Last week, John Bercow announced that he would be resigning as Speaker of the UK House of Commons on Oct. 31, which not coincidentally is also the current date for Britain’s exit from the European Union. Although Bercow is a Conservative MP, he has been praised by Opposition parties and excoriated by his own party for his criticism of Prime Minister Boris Johnson’s five-week prorogation of Parliament–thereby suspending debate of Brexit until mid-October. Indeed, as recently as Friday, he warned Johnson not to ignore a law just passed that prohibits a no-deal Brexit. In this respect, Bercow is staying true to the parliamentary tradition of an impartial, non-partisan Speaker. As Paul Seaward points out in his 2010 article ‘The Speaker in the Age of Party, 1672–1715’, the model of an impartial Speaker arose out of heightened partisanship in the late seventeenth to early eighteenth centuries.
During this tumultuous period in British politics, which spanned the Restoration, the Exclusion Crisis, and the Glorious Revolution and its aftermath, Speakers were intensely partisan and influential politicians. After the Restoration of the monarchy in 1660 after decades of civil war, Parliament no longer sought to advance their interests through armed struggle, but they were nevertheless resistant to impositions of Crown authority at their expense. Within Parliament were loosely formed ‘Court’ and ‘Country’ parties: the former supporters of royal authority, and the latter advocates of checking the Crown on behalf of parliamentary supremacy. The division between Crown and Parliament, and between Court and Country parties, was a stark one in 1672. King Charles II pursued another war with the Dutch, which was opposed by parliamentarians who regarded the Netherlands as a fellow Protestant country which ought to be England’s ally rather than its enemy. The king, however, had pro-Catholic sympathies (as evinced in his Catholic queen and brother), and also pursued a policy of toleration for religious nonconformists: a Declaration of Indulgence, which for his Protestant enemies was more of a declaration of indulgences, given Charles’s Catho-boot-licking.
Parliament needed a new Speaker, who would be selected by the committee on foreign affairs (resembling something like William Hogarth’s portrait above of the Gaols Committee of the House of Commons), consisting of the king and his senior advisors. Heated debate ensued over several possible candidates, many of whom were rejected because they would be easily perceived as overly attached to the Crown. The position was finally offered to Sir Job Charlton, a Welsh judge who led those in Parliament supporting the Church of England, and thus opposed to the Crown’s tolerance of nonconformists. He was seen, then, as a pre-eminent Angli-candidate for the position. After becoming Speaker, however, he was mired in a fractious Parliament. Crown supporters attacked the lord chancellor Shaftesbury–patron of political theorist John Locke and leader of the Whig opposition to the Stuart monarchs. The Commons opposed the Declaration of Indulgence and supported Shaftesbury, who was also Charlton’s erstwhile political enemy: they did not, it seems, Shaftes-bury the hatchet. The collision between the king and Commons turned out to be too much for Charlton to handle: the embattled Speaker was now considered not the right Job for the job, lacking the patience of Job. He resigned within weeks.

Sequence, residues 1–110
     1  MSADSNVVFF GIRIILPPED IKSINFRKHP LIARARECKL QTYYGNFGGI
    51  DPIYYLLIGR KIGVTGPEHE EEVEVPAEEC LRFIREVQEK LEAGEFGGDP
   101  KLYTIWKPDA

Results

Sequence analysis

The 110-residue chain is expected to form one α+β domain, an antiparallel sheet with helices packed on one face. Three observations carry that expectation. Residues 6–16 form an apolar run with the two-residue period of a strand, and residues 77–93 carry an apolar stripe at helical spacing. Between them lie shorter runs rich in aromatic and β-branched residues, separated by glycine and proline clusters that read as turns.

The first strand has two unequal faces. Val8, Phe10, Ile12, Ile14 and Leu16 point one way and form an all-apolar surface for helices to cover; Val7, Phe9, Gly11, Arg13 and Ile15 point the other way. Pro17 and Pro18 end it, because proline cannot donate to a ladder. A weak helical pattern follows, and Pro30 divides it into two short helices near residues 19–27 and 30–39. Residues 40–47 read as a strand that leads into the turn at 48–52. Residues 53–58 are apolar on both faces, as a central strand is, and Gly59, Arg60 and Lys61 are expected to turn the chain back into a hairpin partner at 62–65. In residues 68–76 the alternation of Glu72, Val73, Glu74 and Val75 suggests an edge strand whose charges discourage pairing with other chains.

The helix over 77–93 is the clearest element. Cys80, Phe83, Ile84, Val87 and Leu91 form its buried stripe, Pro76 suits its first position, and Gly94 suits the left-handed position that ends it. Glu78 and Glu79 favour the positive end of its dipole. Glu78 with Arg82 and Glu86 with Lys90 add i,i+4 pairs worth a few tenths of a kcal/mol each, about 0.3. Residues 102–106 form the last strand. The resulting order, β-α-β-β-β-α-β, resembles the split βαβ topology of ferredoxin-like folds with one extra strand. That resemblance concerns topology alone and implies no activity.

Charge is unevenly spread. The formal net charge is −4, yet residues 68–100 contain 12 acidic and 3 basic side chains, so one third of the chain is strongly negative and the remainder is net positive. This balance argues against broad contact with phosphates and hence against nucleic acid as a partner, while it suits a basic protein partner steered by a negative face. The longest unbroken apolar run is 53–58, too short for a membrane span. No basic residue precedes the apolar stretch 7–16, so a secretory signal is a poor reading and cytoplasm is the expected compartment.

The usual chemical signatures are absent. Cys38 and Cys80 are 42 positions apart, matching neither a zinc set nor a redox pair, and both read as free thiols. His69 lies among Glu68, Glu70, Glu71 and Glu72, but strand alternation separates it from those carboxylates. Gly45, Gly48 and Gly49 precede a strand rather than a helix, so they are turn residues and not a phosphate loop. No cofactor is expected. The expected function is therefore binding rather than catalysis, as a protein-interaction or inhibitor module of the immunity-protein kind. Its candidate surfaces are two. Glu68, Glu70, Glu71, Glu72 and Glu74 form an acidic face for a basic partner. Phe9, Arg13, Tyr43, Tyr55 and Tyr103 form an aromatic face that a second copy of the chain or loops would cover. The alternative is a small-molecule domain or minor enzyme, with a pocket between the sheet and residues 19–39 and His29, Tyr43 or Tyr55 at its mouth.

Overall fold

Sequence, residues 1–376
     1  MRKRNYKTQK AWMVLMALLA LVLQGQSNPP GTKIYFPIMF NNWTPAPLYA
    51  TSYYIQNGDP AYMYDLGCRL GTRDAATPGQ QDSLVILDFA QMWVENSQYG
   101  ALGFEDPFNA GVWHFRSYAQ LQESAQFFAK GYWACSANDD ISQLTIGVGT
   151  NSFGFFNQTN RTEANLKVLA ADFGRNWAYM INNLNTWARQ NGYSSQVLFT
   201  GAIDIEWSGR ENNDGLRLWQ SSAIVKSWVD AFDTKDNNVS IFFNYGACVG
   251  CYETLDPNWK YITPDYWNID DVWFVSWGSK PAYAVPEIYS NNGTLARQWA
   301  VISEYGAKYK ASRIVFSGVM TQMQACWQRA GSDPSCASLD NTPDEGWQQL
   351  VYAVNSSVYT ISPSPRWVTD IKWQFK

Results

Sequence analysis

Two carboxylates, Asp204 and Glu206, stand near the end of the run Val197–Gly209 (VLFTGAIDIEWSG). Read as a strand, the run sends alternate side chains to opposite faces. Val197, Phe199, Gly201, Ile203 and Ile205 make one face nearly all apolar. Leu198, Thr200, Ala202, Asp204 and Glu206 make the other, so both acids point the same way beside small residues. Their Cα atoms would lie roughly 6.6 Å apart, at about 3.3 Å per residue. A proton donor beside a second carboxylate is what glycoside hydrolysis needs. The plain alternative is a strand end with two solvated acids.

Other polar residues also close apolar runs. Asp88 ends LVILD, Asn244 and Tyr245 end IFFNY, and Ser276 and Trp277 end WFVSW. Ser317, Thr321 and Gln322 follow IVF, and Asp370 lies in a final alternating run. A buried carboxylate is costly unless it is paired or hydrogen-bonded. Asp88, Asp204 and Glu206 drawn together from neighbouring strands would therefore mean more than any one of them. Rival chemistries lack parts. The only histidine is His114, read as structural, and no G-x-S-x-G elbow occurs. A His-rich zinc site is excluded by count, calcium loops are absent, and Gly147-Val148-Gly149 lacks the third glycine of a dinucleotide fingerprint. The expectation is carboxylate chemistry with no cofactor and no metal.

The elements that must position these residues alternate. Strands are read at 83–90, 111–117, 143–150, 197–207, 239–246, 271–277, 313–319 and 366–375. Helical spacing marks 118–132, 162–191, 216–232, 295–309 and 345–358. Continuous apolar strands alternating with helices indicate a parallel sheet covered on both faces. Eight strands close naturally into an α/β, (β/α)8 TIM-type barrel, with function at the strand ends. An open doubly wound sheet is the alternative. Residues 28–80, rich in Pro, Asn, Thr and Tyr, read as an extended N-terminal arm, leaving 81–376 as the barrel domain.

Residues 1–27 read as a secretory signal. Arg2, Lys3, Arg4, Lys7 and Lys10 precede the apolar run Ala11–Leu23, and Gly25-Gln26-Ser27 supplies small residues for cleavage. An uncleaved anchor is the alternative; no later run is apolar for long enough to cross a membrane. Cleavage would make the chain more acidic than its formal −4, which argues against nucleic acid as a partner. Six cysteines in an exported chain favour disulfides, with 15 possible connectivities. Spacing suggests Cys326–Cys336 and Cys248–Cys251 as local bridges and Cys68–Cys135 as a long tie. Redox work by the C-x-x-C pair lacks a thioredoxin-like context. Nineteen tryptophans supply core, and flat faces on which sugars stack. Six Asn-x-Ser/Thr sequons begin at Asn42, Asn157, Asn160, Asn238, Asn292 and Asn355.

In Charlton’s place, the committee nominated Edward Seymour, an ambitious Country politician. Unlike all of his predecessors as Speakers since the middle ages, he lacked legal training. He took the Speaker’s chair with his sword and belt, bucking (and buckling) the tradition of taking the chair without a sword and in lawyer’s gown. While his supporters would no doubt have regarded him as perspicacious, such that Seymour could see more, he was criticised for being too close to the Earl of Danby–leader of a pro-Dutch and anti-French faction in Parliament, and so at odds with the king’s reluctance to offend the French. Over the following years, Seymour successfully advanced Danby’s interests, but by 1678, it seems that the two fell out: Seymour felt hard-done by Danby. Danby sought to replace Seymour with a different candidate, but Seymour was nevertheless elected Speaker again in 1679–a choice which the king now rejected: he prorogued Parliament instead. Another candidate was offered within a few days, and accepted by the king. Seymour’s successors would continue to struggle with competing loyalties to Crown and Commons, as well as to what became the Whig and Tory Parties. The selection of a Speaker was now both a Whig-ked and Tory-id affair.
Subsequent Speakers were often highly partisan. Perhaps the most glaring example of the partisan Speaker was Robert Harley, who became Speaker in 1701. While in this office, he also became secretary of state in 1704, showing his very cosy relationship to the government. But according to Seaward, certain figures anticipated the model of the non-partisan and impartial Speaker, including Sir Richard Onslow (Speaker 1708-10) and Sir Thomas Hanmer (1714-15), and before them, Paul Foley (1695-98). The figure most associated with the impartial Speaker was Sir Richard Onslow’s nephew Arthur. Arthur Onslow was Speaker for an extremely long tenure of 1728 to 1761, and distinguished for his integrity in an era of intense political corruption. Many praised the Speaker’s efforts to On-slow down the political machinations of the executive power. This early modern tradition, then, has now been followed by the current UK Speaker, who has shown himself not to be Ber-cowed by the likes of Boris Johnson.
250th birthday wishes to the great philosophical traveller and naturalist Alexander von Humboldt, and do check out the 2018-19 EMSP Newsletter!
’til next week,
Director, Early Modern Unspeakerable Horror Studies Program